Spider-Man’s 5 Best Team-ups

Ever since Spiderman swung through the pages of Amazing Fantasy #15, he’s never stopped amazing us. But, we can’t give all the credit to Peter Parker – there were plenty of heroes who helped him along the way. So here are five of the best team-ups Spider-Man got into over his half a century of splurting web in the funny books.


Marvel and DC’s rivalry has become one of nerdom’s most enduring cornerstones that the industry would be rendered unrecognizable if it didn’t exist. However, there were times that the stars aligned and these two purveyors of capes and tights decided to profit together. One of the results of these ever so rare unions is 1976’s Superman vs. The Amazing Spider-Man, written by Gerry Conway and illustrated by the dream team of Ross Andru, Neal Adams, and John Romita, Sr. The story is exactly as it sounds: it’s the Last Son Of Krypton fighting Webhead, because who needs drama when you get to see two men in tights beating the snot out of each other?


Back before Len Wein (god speed, sir) and Dave Cockrum put their spin on the Children of the Atom, the X-Men franchise was at the bottom of the popularity pile, which means readers just aren’t picking them up. So, to boost sales for the property, what better way than to pair Marvel’s mutants with their #1 franchise? Hence, Marvel Team-up #4 was published in 1972. In the issue, penned again by none other than the legendary Gerry Conway with the incomparable Gil Kane on art duties, Spidey and the original X-Men go up against Morbius the Living Vampire (and even Frankenstein’s monster!). The team-up proved to be quite a charm, as X-Men comics’ sales went up after this was published.

Spider-Man/Iron Man

Long before Robert Downey, Jr. decided to conscript child soldiers for his war against Captain America, Spidey and Iron Man have been on adventures together in the funny books. It all started in 1973, when Marvel Team-up #9 was published, which had Tony Stark and Peter Parker going on a romp to the future. Now, what makes this issue interesting aside from its historical significance is the way the two characters’ relationship was established, where Iron Man and Spidey have more of a partnership than an apprenticeship.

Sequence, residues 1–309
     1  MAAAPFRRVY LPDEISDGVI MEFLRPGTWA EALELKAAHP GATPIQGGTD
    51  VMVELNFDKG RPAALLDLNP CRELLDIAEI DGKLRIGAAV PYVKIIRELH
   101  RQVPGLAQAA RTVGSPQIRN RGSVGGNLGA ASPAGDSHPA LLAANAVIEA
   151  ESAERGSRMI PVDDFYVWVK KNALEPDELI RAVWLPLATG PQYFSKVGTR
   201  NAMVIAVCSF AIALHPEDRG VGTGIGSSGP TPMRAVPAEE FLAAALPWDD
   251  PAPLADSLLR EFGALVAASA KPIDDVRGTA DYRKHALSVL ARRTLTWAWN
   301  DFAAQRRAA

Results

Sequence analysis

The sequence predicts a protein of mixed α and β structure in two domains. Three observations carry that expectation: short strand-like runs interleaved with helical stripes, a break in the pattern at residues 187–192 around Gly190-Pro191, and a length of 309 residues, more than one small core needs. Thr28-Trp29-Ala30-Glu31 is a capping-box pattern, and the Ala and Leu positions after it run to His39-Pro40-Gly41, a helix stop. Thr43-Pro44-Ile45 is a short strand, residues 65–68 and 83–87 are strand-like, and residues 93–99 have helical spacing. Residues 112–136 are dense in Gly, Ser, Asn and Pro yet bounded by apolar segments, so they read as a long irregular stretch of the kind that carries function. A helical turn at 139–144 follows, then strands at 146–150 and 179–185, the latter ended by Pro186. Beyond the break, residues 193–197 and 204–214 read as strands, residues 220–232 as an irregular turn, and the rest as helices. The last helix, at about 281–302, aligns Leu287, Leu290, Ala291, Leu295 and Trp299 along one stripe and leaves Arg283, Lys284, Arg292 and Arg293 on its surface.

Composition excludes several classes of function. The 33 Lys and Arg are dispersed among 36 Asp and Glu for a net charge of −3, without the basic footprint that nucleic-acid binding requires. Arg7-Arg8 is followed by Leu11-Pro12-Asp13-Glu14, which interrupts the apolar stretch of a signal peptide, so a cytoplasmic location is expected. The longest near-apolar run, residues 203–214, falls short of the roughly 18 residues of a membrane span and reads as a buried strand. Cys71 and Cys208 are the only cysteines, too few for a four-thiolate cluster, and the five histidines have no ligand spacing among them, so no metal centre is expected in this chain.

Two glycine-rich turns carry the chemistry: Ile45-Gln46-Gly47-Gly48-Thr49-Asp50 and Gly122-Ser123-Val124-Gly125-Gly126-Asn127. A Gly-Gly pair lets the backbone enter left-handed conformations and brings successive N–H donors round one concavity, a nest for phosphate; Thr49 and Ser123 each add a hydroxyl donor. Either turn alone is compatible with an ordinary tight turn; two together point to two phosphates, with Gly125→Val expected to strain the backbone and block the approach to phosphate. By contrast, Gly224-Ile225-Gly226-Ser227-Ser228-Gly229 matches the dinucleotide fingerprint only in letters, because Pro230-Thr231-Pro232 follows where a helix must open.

Spider-Man/Human Torch

The Fantastic Four and Spider-Man are two Marvel properties that have had close ties to each other ever since they came out of Stan Lee and Jack Kirby’s minds. Even further, it’s the Spider-Man and Human Torch’s dynamic that shines here, given that the two characters are roughly the same age. This relationship just became more of a classic when Marvel Team-up #1 was released in 1972. It’s a Christmas story where the two heroes duke it out with the Sandman, who was just on his way to deliver some presents to his mom. Yeah, superheroes can be jerks too.


All the other entries here are iconic, but none are as perfect as when Your Friendly Neighborhood Spider-Man teams up with the Merc with a Mouth. So much so, that a whole series dedicated to this holiest of pairings was published in 2016 on the pages of Spider-Man/Deadpool #1. It’s about them doing what superheroes do, but it’s the banter which makes it so appealing. Come on, we’re talking about two of mainstream comics’ greatest quippers here.


Spider Man’s 5 Greatest Enemies

There’s a reason that the cliché, “a hero is only as good as its villain” will never lose its meaning: it’s simply true. Now, when it comes to villains, there’s no denying that Spider-Man has some of the most colorful and richest adversaries in all of the mainstream comics. Here are five that are just a cut above the rest.


If there’s one villain that truly sits right at the opposite end of Spider-Man, it’s none other than Venom. Apart from being one of those rare characters that were able to outgrow its 90s roots and remain more or less relevant to this day, the Venom character is also a property that’s pretty impressive when you consider that it’s one of the youngest additions to the Spider-Man franchise. Created by Randy Schueller, David Micheline, Mike Zeck and Todd McFarlane in 1988 and first appearing in Amazing Spider-Man #299, the black symbiote from space has proven time and again that it’s one Spidey villain that isn’t going anywhere anytime soon.

Kraven the Hunter

Not a lot of comic book characters are lucky enough to become iconic based on one story arc alone, and Kraven just happens to be one of those. A classic Stan Lee and Steve Ditko creation that first appeared in 1964 within the pages of Amazing Spider-Man #15, it wasn’t until the 1987 storyline Kraven’s Last Hunt by J.M DeMatteis and Mike Zeck that the property propelled itself into one of ol’ Webhead’s greatest nemeses. Not bad for a guy wearing leopard print tights and whose only actual superpower is being a great huntsman.

Doctor Octopus